Case Example #1
“My child simply refuses to stay in bed and it takes anywhere from 30 minutes to four hours for them to fall asleep!”
Most parents that we see, feel deeply frustrated and distressed about the behaviors of their children before the finally fall asleep. Marital distress and family discord are common features of long-standing sleep difficulties in children.
Our behavioral sleep provider has been specifically trained at a doctoral-level to address nearly all the behaviors associated with poor sleep in children. These can include: difficulties falling asleep and staying asleep, bedtime resistance, frequent nighttime visits to parent’s bedroom, co-sleeping, nighttime anxieties, bed-wetting, sleep terrors, etc.
All pediatric patients are assessed to determine if there are any clinical indications of physiological sleep disorders during their initial consultation. If there is any question that a physiological sleep disorder might be present, we will collaborate with your pediatrician to address any concerns. If there are no obvious indications of a physiologically-based sleep problem, we will initiate behaviorally-based treatments to address the difficulties your child is experiencing at night. The treatments we use are non-pharmacological, safe and effective. Most pediatric patients are seen between 2 – 4 times with excellent outcomes seen in the majority of patients.
[Reference for content and link to related research article]:
•Meltzer, LJ, Mindell, JA. Systematic Review and Meta-Analysis of Behavioral Interventions for Pediatric Insomnia. Journal of Pediatric Psychology. (2014) 39 (8):932-948. Link
Case Example #2
“My child has started to feel “stigmatized” by still wetting the bed every night, should we do something?”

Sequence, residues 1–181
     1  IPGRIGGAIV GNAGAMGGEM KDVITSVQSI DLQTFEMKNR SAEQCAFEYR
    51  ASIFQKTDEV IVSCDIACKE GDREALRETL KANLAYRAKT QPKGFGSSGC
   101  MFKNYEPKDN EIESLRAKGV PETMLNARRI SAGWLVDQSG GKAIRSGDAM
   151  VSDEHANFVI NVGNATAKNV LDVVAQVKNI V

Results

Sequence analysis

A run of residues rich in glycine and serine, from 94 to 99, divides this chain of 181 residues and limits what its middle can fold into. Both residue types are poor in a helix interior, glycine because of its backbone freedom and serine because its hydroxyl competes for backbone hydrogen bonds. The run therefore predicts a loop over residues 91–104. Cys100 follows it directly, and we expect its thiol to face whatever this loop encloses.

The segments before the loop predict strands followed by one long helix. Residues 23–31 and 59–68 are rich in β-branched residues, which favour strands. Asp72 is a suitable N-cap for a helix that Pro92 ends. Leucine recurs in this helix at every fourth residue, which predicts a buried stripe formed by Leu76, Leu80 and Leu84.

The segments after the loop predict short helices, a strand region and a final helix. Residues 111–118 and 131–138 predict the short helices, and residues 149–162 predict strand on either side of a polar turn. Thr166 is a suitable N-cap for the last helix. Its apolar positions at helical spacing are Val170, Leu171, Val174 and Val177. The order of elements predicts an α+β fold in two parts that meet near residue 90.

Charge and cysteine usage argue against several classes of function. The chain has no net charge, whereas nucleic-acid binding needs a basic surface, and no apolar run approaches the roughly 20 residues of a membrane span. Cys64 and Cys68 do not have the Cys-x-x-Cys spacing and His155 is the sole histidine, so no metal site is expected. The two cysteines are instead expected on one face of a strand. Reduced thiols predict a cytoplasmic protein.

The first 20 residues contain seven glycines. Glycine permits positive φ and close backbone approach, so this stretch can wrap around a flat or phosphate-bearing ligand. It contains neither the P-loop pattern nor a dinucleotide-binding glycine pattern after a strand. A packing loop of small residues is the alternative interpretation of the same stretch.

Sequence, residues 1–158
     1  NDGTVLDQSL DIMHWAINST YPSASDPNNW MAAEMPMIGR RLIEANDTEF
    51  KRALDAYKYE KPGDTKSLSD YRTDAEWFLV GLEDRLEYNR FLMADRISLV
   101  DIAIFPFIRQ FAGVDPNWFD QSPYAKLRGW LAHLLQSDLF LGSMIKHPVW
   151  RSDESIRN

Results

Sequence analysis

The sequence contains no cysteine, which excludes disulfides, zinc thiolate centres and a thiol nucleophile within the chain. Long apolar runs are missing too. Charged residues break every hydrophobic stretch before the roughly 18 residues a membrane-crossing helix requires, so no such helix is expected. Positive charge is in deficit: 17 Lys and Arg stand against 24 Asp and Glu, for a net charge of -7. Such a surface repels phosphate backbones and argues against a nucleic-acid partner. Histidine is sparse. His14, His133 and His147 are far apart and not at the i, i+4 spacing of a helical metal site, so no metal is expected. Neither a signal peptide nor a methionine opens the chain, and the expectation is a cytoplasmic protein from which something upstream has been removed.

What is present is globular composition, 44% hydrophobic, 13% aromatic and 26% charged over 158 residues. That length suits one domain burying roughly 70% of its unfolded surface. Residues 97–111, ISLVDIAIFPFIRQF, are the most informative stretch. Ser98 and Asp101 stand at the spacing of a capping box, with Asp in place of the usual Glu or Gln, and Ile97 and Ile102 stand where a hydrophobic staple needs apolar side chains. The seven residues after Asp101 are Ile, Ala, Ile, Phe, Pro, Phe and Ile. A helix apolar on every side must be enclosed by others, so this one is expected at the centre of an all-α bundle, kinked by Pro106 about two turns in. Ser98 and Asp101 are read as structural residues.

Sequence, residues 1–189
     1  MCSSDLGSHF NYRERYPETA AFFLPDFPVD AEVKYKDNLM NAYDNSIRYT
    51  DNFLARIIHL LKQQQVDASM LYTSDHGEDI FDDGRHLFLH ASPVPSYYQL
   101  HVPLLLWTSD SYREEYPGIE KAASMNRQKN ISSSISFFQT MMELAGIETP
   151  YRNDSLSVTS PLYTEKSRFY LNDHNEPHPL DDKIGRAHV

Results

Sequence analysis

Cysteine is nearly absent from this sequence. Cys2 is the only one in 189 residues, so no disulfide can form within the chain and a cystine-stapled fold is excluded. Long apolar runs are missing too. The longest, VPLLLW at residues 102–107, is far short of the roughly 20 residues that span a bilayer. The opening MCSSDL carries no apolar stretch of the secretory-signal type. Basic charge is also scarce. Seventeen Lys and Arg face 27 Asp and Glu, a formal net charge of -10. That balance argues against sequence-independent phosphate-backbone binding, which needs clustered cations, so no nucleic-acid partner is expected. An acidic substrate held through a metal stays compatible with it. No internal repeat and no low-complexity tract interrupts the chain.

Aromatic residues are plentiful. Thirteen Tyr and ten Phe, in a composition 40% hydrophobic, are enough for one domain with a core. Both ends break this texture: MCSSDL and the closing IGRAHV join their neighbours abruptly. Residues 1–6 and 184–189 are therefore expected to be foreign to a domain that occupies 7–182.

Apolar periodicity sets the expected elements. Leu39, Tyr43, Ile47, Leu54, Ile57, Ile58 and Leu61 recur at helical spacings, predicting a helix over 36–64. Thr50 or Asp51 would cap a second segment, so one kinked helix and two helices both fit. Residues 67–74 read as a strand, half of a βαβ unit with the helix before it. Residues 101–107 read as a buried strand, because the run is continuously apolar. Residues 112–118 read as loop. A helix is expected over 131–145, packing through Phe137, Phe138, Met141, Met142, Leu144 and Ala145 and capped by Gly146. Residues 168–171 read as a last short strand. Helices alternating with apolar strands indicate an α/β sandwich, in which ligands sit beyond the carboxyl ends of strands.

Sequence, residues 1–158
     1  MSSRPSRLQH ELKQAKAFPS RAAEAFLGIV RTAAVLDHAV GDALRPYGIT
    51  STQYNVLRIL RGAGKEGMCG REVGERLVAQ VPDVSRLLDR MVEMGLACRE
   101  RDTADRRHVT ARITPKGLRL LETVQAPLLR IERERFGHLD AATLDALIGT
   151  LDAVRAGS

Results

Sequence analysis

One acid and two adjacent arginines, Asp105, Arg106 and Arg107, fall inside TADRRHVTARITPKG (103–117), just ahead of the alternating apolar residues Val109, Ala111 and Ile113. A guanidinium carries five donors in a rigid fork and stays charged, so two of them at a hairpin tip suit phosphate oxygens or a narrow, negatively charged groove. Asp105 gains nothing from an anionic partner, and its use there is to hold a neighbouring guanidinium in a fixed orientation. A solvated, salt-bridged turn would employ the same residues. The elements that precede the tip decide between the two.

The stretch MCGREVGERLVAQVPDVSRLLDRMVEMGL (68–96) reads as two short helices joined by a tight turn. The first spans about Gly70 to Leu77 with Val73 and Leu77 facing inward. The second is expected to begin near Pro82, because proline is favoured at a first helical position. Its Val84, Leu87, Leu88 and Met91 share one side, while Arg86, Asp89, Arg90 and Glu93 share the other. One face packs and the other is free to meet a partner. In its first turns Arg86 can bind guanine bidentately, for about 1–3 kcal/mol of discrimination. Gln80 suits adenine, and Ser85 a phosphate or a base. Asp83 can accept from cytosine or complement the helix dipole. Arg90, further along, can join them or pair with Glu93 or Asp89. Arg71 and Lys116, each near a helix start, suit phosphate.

The medical term for “bed-wetting” is nocturnal enuresis. Nocturnal enuresis is involuntary urination that happens at night while sleeping, after the age when a person would ordinarily be expected to be able to control his or her bladder. Currently, an estimated 7 to 8 million children in the United States have primary nocturnal enuresis (nighttime bed-wetting).In the absence of any daytime urological problems, nocturnal enuresis is an easily treatable disorder. Treatment focuses on a very basic and simple behavioral conditioning technique with decades of strong research support as being the most effective method of elimination of the phenomenon. Pharmacologic therapy includes Imipramine, anti-cholinergic medications and Desmopressin, but these drugs have varying degrees of success.
There are several misconceptions about primary nocturnal enuresis that tend to delay clinical attention and effective treatment. These might include: that a child’s bed-wetting is caused by drinking too much fluid before bedtime; that the child is too lazy to get out of bed to urinate, of that the problem “will just go away.”
The American Psychiatric Association has defined ‘bed-wetters’ as children older than age five who are incontinent of urine at night. It is now generally accepted that 15 to 20 percent of children will have some degree of nighttime wetting at five years of age, with a spontaneous resolution rate of approximately 15 percent per year. Therefore, at 15 years of age only 1 to 2 percent of teenagers will still wet the bed. The most recent research consensus is that nocturnal enuresis occurs at about equal rates for males and females. Global Insomnia Solutions understands that each patient and family is its own individual culture of one that requires an individualized assessment and treatment plan. The behavioral interventions used to treat nocturnal enuresis are very effective and appropriate for even children as young as five years old. [Please consult with your pediatrician before making an appointment for your child.]